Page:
I think I’ve made all of the mistakes I possibly could have made in the start up phase.

My saving grace is that I’m tenacious. When I say I’m going to do something I don’t stop until I make it happen.

The silver lining of my impetuousness is that when I fall flat on my face I get up with curiosity and study the right way to do something until I can teach someone else how to do it.

So I hope that you’ve enjoyed me roasting myself today.

If you’ve gotten caught in a start up pitfall and want a hand to get back to ground level, I offer a Strategy Session. Scroll to the bottom of this page and click the button STRATEGY SESSION.

Mentioned in this Episode:

Natalie Eckdahl of the Biz Chix podcast.

My next episode is called Why is Coaching a Hard Sell?

Ep 5 – The Simplest Coaching Business Model

This episode is part of my Start Smart Series. A listener asked me to talk about the simplest and least expensive way to get a coaching business off the ground. Great question!

I love it when listeners tell me what they want to hear on the show. If you have a specific request, go to my contact page on —ProsperousCoachBlog.com — and get in touch.

High Profit, Low Tech and High Touch

The answer to the easiest coaching business model is ultra simple! It’s 1:1.

If you’re charging enough and enroll your clients into a longer term package, you won’t need many clients each year to make a good income. I only work with 20 – 30 clients each year.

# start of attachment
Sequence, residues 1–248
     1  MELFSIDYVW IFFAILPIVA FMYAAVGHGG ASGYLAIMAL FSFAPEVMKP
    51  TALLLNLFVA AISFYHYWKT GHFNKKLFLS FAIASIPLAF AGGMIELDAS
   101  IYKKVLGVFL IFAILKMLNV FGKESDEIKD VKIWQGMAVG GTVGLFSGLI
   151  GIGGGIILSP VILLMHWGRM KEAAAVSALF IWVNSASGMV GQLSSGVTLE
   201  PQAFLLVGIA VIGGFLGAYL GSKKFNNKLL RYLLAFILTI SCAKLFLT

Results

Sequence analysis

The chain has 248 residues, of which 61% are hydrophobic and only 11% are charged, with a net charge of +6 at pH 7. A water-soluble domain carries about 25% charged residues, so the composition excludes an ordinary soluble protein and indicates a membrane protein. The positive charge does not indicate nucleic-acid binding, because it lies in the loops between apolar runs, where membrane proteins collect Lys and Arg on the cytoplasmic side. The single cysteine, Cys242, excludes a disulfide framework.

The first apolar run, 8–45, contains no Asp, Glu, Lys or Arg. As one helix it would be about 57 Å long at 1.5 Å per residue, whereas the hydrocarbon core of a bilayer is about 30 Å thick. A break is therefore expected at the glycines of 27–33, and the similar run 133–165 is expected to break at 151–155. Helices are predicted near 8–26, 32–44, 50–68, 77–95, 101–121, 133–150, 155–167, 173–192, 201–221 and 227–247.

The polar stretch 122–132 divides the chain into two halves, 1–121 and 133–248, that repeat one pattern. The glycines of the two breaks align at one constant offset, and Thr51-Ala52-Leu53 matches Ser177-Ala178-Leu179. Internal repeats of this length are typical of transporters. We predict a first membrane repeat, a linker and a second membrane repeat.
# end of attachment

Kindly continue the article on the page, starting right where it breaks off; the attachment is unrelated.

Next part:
Your marketing could be minimal if you have ready access to your chosen target audience. And because expenses are incredibly low for this business model, 1:1 is the most profitable option.

Think about it … You don’t have to have a website (although you may want to.) You won’t need a team or even a Virtual Assistant to help you with all the tasks because admin is minimal. You don’t need big coordinated marketing campaigns, a strong presence on social media or a bunch of apps with monthly fees.

Literally all you need is a phone and a private place in your home to take client calls. And maybe an inexpensive business card for networking.

You know what I’m describing, don’t you?

It’s the way every service entrepreneur did business before the internet. Don’t roll your eyes. It’s still the way a lot of service entrepreneurs operate.